The filter itself is the frame or housing mechanism that holds the media in place as a process stream is run through them. The media or material is responsible for the entrapment, collection or dissolution of impurities.
Filtration is essential to the safe and productive daily operations of most industrial and commercial facilities. Water treatment, sewage, medical, pharmaceutical, food and chemical processing, aviation, aerospace, laboratory, electronic, manufacturing, automotive, building, construction, mining and agricultural industries use filter media in a number of applications in order to comply with air and water purity regulations enforced by the Food and Drug Administration (FDA), U.S.
Department of Agriculture (USDA), Occupational Safety and Health Administration (OSHA) and other national and international committees. Domestic applications for filter media likewise abound as they are implemented in heating and cooling as well as the purification of drinking water. While a single device may be used, filter media are often used in conjunction with other panels or cartridges of similar or disparate composition in order to ensure maximum filtration.
Some filtering systems require the removal of even microscopic impurities as small as 0.3 nanometers, while large particle removal will often suffice in industrial settings. Insufficient filter media can lead to increased worker illness, clogging and mechanical failure of equipment as well as product contamination.
Filter media process contaminated materials in a passive manner. That is, the filters themselves are stationary and the process stream, gaseous or liquid, is pushed, pulled or otherwise forced through the filter media. Each of these fibrous or porous materials is composed of fine or coarse semi-permeable matrices that trap or chemically dissolve particulates while allowing the base product, gas or fluid, to pass through. Engineers may design filtration systems using either organic or synthetic filter media.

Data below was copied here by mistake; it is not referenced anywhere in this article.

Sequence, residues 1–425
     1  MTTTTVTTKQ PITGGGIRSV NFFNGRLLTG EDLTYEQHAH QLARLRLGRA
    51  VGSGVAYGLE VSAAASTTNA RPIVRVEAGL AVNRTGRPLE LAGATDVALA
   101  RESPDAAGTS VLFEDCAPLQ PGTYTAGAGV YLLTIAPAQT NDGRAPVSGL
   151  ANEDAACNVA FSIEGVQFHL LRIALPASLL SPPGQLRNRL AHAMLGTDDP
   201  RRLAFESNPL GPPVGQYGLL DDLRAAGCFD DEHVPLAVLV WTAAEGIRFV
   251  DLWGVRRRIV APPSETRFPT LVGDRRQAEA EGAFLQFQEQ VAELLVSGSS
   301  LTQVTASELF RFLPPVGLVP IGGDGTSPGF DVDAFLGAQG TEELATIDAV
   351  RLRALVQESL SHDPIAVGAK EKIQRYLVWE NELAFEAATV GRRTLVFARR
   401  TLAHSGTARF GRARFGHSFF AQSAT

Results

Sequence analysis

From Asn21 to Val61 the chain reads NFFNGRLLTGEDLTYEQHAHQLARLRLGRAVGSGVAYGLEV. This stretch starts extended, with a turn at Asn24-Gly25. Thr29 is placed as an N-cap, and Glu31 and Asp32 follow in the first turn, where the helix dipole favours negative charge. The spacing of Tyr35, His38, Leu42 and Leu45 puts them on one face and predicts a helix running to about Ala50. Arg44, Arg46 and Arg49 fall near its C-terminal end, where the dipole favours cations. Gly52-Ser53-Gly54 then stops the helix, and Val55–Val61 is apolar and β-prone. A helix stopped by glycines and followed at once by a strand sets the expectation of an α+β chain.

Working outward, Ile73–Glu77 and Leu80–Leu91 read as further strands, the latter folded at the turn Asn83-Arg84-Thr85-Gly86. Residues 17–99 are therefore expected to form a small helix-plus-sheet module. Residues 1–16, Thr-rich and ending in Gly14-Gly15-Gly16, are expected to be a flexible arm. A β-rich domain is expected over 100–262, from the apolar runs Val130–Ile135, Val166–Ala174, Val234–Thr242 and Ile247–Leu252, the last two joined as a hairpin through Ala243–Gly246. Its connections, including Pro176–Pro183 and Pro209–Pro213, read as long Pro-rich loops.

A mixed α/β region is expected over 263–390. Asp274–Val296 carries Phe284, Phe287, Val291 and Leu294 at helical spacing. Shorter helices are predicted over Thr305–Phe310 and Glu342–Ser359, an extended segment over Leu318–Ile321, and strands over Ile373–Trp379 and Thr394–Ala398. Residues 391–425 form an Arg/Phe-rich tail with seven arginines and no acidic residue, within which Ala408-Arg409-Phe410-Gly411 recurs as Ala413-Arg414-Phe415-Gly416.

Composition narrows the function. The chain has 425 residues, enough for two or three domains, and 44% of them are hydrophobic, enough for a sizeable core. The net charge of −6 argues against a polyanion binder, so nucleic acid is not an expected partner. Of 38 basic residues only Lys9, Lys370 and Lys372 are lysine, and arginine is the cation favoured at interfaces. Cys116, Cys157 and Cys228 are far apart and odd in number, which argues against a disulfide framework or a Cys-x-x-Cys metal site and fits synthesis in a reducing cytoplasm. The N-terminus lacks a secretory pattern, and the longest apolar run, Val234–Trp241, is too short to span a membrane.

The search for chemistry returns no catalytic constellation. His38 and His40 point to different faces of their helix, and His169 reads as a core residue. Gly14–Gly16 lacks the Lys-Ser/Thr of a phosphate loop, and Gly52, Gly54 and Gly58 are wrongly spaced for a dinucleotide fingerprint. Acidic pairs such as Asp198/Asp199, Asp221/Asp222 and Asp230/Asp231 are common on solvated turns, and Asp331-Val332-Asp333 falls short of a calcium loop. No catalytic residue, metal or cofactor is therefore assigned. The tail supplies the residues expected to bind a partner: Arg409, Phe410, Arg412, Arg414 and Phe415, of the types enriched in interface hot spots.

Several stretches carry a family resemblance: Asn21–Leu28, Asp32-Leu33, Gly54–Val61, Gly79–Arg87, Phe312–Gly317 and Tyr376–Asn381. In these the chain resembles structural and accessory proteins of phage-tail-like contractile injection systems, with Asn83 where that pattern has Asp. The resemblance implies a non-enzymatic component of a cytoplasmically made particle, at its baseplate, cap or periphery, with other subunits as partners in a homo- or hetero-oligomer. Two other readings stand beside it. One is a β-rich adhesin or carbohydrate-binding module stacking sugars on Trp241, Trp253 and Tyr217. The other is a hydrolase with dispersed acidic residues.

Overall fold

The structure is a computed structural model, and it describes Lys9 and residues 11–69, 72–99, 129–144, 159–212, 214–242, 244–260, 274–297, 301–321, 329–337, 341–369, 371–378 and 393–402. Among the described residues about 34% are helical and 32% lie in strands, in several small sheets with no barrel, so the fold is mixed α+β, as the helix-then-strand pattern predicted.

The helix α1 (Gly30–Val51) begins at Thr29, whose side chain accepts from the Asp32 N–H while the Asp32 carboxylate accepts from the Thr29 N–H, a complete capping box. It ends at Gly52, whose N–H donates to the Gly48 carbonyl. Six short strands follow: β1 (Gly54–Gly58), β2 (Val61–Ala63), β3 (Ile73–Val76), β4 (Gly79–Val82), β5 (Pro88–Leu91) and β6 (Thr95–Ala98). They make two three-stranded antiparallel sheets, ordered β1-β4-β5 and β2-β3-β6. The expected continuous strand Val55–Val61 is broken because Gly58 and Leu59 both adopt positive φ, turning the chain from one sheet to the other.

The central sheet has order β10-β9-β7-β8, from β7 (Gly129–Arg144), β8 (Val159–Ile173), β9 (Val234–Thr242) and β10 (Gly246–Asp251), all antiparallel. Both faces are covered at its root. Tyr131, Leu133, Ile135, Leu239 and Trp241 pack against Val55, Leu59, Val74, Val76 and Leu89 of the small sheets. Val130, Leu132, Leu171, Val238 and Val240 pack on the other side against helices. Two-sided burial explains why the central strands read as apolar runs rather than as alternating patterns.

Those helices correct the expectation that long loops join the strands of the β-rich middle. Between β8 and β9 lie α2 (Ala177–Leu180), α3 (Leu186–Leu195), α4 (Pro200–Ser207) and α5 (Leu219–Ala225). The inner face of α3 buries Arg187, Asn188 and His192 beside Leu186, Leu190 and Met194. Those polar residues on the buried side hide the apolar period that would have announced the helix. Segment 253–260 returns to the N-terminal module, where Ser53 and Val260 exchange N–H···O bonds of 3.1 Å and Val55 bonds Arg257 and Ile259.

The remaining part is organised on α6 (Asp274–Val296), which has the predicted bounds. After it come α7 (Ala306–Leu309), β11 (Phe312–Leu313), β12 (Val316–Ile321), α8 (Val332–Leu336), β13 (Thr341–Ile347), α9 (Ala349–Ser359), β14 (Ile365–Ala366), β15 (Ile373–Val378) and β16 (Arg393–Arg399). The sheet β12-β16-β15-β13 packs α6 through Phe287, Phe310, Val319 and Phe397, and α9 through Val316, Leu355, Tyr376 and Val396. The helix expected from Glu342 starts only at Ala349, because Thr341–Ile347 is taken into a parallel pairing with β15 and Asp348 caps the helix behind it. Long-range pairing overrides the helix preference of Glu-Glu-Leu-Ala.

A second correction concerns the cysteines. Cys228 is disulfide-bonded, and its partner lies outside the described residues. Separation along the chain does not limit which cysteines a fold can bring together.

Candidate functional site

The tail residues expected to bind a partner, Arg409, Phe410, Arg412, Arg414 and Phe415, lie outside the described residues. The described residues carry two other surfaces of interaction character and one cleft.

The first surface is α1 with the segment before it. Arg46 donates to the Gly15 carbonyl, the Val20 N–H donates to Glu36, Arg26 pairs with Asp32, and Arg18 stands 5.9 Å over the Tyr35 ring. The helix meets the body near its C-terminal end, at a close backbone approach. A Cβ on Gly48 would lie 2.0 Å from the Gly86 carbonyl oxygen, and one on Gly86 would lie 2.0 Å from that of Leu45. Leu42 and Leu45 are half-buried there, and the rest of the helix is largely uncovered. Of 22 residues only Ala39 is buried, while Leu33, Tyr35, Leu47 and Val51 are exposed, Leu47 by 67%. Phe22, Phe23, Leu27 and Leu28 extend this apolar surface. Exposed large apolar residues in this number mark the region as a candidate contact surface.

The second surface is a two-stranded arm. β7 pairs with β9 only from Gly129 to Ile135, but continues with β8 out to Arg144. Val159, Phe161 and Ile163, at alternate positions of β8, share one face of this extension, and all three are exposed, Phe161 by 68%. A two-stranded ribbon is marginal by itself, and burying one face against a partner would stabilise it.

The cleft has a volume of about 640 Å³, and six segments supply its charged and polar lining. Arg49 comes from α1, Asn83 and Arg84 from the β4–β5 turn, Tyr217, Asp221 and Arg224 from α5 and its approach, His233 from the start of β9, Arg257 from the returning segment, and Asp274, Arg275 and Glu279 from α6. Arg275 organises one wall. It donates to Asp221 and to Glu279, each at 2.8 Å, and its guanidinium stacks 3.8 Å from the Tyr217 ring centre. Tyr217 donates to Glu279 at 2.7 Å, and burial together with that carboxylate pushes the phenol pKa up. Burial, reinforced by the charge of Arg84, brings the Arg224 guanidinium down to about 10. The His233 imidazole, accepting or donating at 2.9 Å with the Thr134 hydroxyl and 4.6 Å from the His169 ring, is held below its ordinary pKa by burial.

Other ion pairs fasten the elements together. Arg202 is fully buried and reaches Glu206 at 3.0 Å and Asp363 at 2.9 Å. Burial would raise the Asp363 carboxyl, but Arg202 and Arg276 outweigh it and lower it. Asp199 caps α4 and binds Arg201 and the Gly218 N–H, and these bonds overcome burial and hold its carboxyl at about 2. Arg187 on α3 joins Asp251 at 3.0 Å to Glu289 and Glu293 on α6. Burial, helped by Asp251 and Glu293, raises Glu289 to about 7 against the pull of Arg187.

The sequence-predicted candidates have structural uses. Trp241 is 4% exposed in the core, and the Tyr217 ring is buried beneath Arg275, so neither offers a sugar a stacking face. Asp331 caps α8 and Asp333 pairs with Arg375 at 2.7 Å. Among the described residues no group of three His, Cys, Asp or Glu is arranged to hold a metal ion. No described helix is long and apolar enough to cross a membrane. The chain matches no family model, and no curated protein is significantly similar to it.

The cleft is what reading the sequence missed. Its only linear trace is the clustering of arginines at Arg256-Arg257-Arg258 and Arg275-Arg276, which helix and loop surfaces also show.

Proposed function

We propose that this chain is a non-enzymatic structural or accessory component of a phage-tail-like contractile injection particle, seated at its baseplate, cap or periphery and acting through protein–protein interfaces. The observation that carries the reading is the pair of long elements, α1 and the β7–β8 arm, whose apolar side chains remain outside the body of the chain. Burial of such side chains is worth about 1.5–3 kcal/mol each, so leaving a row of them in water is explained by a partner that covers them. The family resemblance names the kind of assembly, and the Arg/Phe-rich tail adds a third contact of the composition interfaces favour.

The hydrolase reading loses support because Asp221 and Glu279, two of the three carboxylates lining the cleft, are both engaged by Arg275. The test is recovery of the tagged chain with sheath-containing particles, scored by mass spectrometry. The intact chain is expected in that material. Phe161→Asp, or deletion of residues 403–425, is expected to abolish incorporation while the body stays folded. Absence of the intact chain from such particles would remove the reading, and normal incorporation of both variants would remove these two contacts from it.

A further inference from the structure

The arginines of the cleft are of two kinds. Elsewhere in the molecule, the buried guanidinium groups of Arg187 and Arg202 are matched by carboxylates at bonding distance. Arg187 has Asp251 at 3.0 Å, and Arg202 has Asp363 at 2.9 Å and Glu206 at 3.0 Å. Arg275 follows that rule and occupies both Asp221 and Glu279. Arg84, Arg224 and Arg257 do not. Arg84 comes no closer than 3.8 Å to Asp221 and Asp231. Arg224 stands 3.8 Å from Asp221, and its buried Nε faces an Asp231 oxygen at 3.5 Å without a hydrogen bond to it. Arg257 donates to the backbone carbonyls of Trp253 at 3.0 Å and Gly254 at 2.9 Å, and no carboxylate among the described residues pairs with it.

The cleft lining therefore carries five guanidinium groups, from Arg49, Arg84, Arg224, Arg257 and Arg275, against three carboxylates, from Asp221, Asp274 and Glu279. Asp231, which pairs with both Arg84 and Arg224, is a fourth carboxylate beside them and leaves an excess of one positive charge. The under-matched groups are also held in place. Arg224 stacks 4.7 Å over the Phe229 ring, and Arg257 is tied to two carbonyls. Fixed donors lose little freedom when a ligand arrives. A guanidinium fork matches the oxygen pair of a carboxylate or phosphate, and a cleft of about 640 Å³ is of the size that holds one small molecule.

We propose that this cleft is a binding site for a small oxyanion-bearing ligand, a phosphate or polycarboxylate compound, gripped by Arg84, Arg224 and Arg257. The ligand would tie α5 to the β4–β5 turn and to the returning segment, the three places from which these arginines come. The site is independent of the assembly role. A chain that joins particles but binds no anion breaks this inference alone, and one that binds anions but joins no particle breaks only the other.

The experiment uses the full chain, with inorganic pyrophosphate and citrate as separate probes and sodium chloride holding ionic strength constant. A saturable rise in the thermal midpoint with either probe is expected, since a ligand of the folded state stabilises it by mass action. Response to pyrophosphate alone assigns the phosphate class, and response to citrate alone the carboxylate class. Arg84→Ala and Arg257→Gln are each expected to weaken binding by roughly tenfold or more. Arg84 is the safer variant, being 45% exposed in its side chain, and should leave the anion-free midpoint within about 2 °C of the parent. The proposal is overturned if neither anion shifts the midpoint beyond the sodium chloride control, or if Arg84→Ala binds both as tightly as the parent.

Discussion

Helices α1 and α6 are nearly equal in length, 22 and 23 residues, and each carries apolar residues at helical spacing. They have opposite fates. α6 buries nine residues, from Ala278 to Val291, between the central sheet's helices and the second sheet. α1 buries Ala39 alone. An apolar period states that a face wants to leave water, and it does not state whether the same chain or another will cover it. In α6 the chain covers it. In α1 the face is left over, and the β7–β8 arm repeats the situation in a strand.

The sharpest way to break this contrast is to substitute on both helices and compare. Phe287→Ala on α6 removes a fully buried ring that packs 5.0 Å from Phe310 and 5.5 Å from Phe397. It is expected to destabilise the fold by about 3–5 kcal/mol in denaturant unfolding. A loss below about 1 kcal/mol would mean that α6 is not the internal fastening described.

Organic options are increasingly popular with the advent of ‘green’ manufacturing. Activated carbons or clay are used in water treatment as well as to dissolve chemical contaminants such as acids and surfactants. Diatomaceous earth is another organic filter media with high absorption and low bulk-density. A number of cellulose based materials as well as sand and paper may be used as organic filter media as well. Synthetics include a wide variety of plastics such as polypropylene, polyvinylide chloride and polysulfone.
These materials, however, are under scrutiny as disposable filters are often deposited in landfills. Other synthetics include fiberglass, glass wool, ceramics, sintered glass and porous metals. With such a variety of applications, it is important to consider the qualities, capacities and capabilities of a specific filter medium with regard for its intended use. Essential considerations include filtration grade, porosity, flow rate, filter location, stream viscosity and temperature, filter load capacity, maximum flow, efficiency and absorption.